Defense lawyer Linda Wagoner met with Conner on Monday and Tuesday. "He's definitely ready," Wagoner said. Monday, prison officials say, Conner was served a last meal from Dairy Queen: four chili dogs, onion rings, a banana split and an Oreo Blizzard. He also watched Showtime's "Dead Like Me," a dark comedy about a team of grim reapers.
Tuesday, he spent his final hours alone in his cell, making phone calls to friends and relatives. He also was allowed to smoke two cigars. He did not meet with a spiritual adviser.
In January 1988, Conner killed Steven Wentland, 19; Anthony Moore, 24; and Bruce Voge, 19, during an hourlong rampage. Last week, he also admitted stabbing to death inmate Jerry Thompson, 41, during a recreation break at the prison on Oct. 27, 2002. Thompson was convicted of fatally shooting two people in 1991.
Moore's sister Dianna Bevers said Conner has never shown remorse. "We feel like Kevin's life was a tragedy to start with," Bevers said. "My heart goes out to his family and him because he destroyed his life; he destroyed my brother's life." Conner calls his spiritual beliefs "nondenominational mystic," which troubles Bevers. "I'm gonna be on my knees praying that at the last minute he asks God for forgiveness," she said. Wentland's mother said her family has found closure. "You can't dwell on it," Sharon Wentland said. "It's much better to say yes, we lost a son, we miss him and love him, but now we have to keep going."
Some have described Conner as a cold, remorseless killer; Kathy Stinton-Glen, a Zionsville attorney who also represents him, said the inmate she knows has been generous, kind and funny. "I think he is a bright, talented kid who's paying for a hell of a night," she said. "He's easy to work with, and very appreciative. I will miss him."
Conner and his victims were drinking at Moore's Southside home. Prosecutors say Conner, Moore and Wentland went for a drive. They argued, and Moore stabbed Wentland and struck him with a car. Conner also stabbed Wentland more than a dozen times, police say. Soon after, prosecutors say, Conner shot Moore to death with a sawed-off shotgun at a business in the 1600 block of Deloss Street. Conner then returned to Moore's home and gunned down Voge. Police captured Conner two days later in Amarillo, Texas, on a bus bound for California.
The day after a judge sentenced Conner to die, he jumped a wall and escaped from the Marion County Jail. He ran for about three minutes before being recaptured. In 1994, Conner and four others on Death Row used hacksaw blades, makeshift knives and a grappling hook in an attempt to escape from prison. Conner and three others made it to the base of the outside wall before being spotted and captured.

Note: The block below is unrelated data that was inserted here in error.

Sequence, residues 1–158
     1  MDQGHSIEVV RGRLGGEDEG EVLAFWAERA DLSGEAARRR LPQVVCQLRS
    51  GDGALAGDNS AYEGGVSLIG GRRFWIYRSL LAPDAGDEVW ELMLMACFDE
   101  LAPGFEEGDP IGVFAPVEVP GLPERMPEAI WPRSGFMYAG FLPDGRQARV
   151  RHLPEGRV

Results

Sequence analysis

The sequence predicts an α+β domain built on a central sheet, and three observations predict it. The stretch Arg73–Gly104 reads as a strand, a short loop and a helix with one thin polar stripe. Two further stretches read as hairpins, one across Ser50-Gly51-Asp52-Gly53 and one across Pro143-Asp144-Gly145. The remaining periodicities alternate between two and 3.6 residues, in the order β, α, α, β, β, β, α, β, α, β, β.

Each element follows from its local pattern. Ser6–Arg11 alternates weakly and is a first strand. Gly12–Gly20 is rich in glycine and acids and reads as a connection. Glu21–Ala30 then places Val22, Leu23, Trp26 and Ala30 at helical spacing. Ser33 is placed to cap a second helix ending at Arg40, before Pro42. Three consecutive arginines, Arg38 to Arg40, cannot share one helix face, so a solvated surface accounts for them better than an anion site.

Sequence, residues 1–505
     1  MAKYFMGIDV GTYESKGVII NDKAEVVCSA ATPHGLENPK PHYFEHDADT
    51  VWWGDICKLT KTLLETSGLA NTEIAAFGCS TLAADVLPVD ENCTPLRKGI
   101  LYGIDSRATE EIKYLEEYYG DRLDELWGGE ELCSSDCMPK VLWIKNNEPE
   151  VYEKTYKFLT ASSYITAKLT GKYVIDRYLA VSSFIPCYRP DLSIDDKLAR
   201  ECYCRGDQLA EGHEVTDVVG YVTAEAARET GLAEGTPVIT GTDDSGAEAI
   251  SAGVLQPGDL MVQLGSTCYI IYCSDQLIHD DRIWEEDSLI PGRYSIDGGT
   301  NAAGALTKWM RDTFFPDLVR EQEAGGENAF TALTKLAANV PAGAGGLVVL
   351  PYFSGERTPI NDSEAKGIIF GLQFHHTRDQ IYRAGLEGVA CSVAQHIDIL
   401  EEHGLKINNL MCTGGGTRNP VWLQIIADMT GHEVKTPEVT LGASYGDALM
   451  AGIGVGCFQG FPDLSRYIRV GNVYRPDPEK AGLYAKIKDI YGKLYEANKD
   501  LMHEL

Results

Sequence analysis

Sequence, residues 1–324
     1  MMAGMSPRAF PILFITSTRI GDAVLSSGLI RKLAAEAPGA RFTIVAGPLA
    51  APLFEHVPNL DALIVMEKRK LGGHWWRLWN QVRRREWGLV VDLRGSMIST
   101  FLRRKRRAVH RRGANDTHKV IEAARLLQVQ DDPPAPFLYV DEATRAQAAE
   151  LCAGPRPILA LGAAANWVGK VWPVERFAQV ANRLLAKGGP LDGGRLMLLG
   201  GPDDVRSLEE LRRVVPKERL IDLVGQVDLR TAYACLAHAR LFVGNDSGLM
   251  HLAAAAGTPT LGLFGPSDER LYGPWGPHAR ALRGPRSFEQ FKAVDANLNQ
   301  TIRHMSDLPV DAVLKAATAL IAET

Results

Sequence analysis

"Indiana executes killer of three," by Karen Murphy. (Wed Jul 27, 2005 2:18 AM ET)
MICHIGAN CITY, Ind. (Reuters) - An Indiana man who was convicted of killing three men during a 1988 drinking spree and said he would rather die than spend the rest of his life in prison was executed Wednesday, officials said. Kevin Conner, 40, died from a lethal injection at 12:31 a.m. inside the death chamber at Indiana State Prison.
In an obscentity-laced final statement related by a prison spokeswoman, Conner said, "Everybody has to die sometime, so ... let's get on with the killing."
His final meal came from Dairy Queen: four chili dogs, onion rings, a banana split and an Oreo-cookie Blizzard ice-cream drink, Correction Department spokeswoman Java Ahmed said. Conner also smoked two cigars -- an exception to the prison's no-smoking policy granted to condemned inmates.
Kathy Stinton-Glen, one of Conner's attorneys who witnessed the execution, described his demeanor beforehand as "calm and ready to be done with things." Conner had refused to seek clemency from Indiana Gov. Mitch Daniels, writing in a letter to the governor: "Killing a person is far more honest and human than imposed repression under the guise of justice in the penal system."
On Jan. 26, 1988, Conner was drinking at the home of a friend, Anthony Moore, with two other men, Steven Wentland and Bruce Voge. While out for a drive, Conner stabbed Moore, hit him with a car, and later killed him with a blast from a sawed-off shotgun. He then stabbed Wentland more than a dozen times and returned to Moore's home and killed Voge, waking him first so he could see what was coming. He was arrested two days later in Texas on a bus bound for California. Conner appealed his conviction on the grounds that the jury did not fully weigh the the impact of his drunkenness on his judgment, but a panel of judges denied the appeal.
While in prison, he attempted a breakout with four other inmates, and he was suspected in the unresolved killing of another death-row inmate.
Conner's execution was the fourth this year in Indiana and the 31st in the United States. It was the 975th execution since the United States resumed the death penalty in 1976.